Volume #10, No. 1
September 2010

Spotlight on Cate Aichele: Figure Sculptor and Anatomical Drawing Instructor.

Teachers Outside Our Walls

Sean Beavers, our popular Representational painting instructor, is featured in a glowing article in this month's American Art Collector Magazine and has a show that is up until September 15th at the gallery Quidley & Company on Nantucket.

The Secret Life of Dusk

Sculptor or Movie Star?
View Christopher Gowell (Owner/Director, Sanctuary Arts) on YouTube working in clay with a nude model and giving a selective tour of Sanctuary Arts' new Sculpture Garden. This Gossip Lady segment was the brainchild of local arts writer and sculptor Jeanne' McCartin and was wonderfully executed by seacoastonline's photographer and video master, Deb Cram.

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If you can't see this video in this email, please view it at http://www.youtube.com/watch?v=6fGo0f0wly8

Our catalog of Fall classes is now available, both as a brochure and on our website

Sanctuary Arts
117 Bolt Hill Road
Eliot, ME 03903
(207) 438-9826

nude in chair

I first met Cate years ago when everyone kept saying I should meet the “other sculptor church lady”.

I was busy creating Sanctuary Arts in an 1850's Methodist Church and a bit later, Cate was converting a Pentecostal Church in downtown Portsmouth into her residence and sculpture studio. We eventually met and I was very impressed by Cate's classically inspired figurative work. She began coming to my classes to work from the figure model, and eventually began teaching here as well. She met her husband, artist Carl Aichele here at Sanctuary Arts, and they now have two beautiful children. We sometimes share working from models and have developed a nice artistic friendship. I took the time to chat with Cate about her upcoming class and her artistic roots.

male nude
I'm always fascinated with the details of an artist's background- what is the path that took them from childhood scribblings to substantial art careers? In Cate's case, her mom loved to cruise junkyards and refurbish her finds as antiques. Cate spent her time sanding and painting old trunks, creating beautiful objects. Falling in love with the painting aspect, she nursed the idea of becoming a painter. After majoring in Art & Anthropology at UVM, Cate worked at an upstate NY job working for a special effects/ make-up artist who made manikins, sculpting the disemboweled policeman for Silence of the Lambs.

She heard about the New York Academy of Art from friends she met at Skowhegan and enrolled in the graduate school part time (she was working as a fiduciary). Rollerblading was her transportation of choice to the school in Tribeca and her studio. Wanting to be immersed in the  program, she decided to take out a loan and began attending full time. A sculpture class was a requirements (and one Cate didn’t like). But showing lots of potential, the chairman of the sculpture department, Harvey Citron, who had a studio across from hers in Tribeca, eventually talked her into changing her major and never looked back.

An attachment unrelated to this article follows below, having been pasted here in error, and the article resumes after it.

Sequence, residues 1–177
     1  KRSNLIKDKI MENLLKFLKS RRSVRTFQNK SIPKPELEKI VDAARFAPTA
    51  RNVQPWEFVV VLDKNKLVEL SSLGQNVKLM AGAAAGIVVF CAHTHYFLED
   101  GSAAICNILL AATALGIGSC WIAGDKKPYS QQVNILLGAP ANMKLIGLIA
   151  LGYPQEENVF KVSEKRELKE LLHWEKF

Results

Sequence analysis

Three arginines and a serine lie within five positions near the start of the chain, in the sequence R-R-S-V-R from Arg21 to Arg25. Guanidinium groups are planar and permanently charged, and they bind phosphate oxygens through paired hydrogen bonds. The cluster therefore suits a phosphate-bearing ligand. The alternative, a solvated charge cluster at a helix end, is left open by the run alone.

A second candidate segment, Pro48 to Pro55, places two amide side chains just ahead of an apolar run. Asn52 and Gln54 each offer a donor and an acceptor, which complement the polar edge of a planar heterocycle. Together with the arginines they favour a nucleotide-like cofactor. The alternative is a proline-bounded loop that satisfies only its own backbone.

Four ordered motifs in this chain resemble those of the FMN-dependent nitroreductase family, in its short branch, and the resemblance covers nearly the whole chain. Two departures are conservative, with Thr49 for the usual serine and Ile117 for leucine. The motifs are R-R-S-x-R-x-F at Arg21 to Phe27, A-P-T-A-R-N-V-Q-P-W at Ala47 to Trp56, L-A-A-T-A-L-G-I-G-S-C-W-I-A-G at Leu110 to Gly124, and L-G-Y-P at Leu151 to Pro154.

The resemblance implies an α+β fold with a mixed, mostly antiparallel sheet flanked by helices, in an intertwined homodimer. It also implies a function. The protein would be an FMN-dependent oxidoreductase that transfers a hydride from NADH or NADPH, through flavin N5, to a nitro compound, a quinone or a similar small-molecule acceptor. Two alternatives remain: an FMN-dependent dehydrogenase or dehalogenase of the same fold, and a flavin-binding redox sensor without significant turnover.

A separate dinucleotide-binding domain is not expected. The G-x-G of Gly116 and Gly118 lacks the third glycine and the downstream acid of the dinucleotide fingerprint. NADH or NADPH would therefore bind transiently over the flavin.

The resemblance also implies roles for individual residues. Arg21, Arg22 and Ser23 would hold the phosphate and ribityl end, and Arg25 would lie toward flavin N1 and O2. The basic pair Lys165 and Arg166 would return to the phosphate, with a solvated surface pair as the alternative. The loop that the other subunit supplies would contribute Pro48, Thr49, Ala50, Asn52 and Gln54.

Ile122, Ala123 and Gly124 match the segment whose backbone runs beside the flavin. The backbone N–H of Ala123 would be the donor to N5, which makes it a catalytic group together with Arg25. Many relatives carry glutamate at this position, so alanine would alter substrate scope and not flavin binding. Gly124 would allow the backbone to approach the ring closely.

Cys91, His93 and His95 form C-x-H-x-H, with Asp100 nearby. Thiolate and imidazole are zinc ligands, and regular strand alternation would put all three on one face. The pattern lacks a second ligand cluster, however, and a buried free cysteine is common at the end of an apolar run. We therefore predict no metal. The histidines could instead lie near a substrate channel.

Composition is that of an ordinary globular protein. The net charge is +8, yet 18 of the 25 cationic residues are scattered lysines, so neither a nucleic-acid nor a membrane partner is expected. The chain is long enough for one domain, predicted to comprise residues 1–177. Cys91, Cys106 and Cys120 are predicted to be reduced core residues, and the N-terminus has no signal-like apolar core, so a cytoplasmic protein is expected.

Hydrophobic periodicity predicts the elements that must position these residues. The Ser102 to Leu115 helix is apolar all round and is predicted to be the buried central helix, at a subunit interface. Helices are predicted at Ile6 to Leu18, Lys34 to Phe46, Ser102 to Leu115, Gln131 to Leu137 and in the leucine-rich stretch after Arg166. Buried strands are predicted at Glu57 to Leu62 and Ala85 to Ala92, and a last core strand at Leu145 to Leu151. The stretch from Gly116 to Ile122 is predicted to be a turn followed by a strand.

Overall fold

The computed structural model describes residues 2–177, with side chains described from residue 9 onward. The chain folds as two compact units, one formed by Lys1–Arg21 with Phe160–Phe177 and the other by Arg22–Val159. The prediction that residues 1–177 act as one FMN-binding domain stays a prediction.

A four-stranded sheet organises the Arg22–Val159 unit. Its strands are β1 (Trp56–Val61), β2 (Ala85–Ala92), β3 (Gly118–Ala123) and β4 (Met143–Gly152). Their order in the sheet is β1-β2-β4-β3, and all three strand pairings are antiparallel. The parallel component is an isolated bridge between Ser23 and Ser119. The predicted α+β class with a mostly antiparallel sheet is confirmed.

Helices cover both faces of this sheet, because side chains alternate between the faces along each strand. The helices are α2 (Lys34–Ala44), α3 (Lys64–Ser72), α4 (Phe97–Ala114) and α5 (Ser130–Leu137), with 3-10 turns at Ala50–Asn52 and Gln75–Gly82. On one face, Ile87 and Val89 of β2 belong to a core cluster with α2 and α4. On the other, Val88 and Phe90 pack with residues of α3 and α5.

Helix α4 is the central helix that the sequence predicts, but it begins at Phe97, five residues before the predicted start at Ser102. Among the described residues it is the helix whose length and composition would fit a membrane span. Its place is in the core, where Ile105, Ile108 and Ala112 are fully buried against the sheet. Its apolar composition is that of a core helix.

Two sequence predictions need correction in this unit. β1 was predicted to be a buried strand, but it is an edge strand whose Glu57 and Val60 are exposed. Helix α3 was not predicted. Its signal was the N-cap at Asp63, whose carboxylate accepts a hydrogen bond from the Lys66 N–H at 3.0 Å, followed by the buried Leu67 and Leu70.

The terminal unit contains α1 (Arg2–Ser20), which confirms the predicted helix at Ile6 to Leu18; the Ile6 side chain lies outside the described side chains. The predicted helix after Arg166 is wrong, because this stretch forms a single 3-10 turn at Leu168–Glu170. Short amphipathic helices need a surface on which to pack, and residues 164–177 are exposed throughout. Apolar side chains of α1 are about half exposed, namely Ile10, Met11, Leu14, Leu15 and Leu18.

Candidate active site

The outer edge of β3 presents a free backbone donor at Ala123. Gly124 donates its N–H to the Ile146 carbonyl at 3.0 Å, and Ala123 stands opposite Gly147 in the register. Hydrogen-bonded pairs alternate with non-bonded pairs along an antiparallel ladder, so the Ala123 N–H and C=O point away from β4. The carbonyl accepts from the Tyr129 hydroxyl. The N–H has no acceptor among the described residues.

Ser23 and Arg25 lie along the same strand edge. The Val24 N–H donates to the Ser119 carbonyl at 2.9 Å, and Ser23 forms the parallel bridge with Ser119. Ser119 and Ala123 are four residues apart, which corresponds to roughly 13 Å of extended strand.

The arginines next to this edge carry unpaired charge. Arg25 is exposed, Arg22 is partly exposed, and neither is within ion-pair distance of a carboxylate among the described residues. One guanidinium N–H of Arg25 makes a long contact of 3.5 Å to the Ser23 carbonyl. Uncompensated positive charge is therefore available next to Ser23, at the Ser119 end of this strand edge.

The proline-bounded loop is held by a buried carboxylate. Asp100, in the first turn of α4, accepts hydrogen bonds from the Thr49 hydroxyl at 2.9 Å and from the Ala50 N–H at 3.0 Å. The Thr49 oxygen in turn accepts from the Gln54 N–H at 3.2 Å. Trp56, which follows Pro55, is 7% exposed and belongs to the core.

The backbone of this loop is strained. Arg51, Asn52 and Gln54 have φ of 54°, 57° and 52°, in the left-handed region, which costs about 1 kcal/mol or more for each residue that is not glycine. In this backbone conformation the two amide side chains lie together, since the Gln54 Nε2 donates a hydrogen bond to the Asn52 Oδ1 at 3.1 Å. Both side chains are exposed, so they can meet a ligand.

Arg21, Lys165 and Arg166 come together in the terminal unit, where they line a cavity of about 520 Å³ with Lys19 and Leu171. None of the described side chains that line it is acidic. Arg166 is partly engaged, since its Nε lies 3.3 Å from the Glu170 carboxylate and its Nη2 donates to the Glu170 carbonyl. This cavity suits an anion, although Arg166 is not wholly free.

female nude

Cate learned her anatomical drawing skills at the New York Academy, a recreation of the French Academy of the 19th Century and the perfect place for her desire to acquire classical training in the figure. Like most of us, she lacked the discipline to study drawing on her own and needed the structure of school to push her to draw intensively. There, she learned tricks that aren't in the books. She learned from professors who observed how “Old Masters” drawings were created, studying things like line, hatching, and the tone of the paper. Cate says that drawing helped her sculpture skills enormously. Students endlessly copied plaster casts, drawing and painting tonal studies. She studied surface anatomy, working from cadavers and plaster casts of cadavers, creating ecorche' figures (skeletons with an overlay of surface muscles) until she really knew anatomical structure.

Cate's Anatomical Drawing class will be a fertile combination of Old Master and Anatomical observational studies. The class will be looking extensively at Old Master Drawings, teasing out their secrets for students to understand and build on. Their drawings can look deceptively simple, but we can see their knowledge of anatomy even in the quality of the line. Students will be challenged to go for that extremely subtle simplicity, using traditional wash to tint papers so that they can start with a lovely neutral tone that can push darks and lights into bringing real volume into drawing. Students will also create anatomical studies of parts of the body, learning surface anatomy, drawing with conte', beginning with standard drawing paper and working their way up to heavier, better quality paper.

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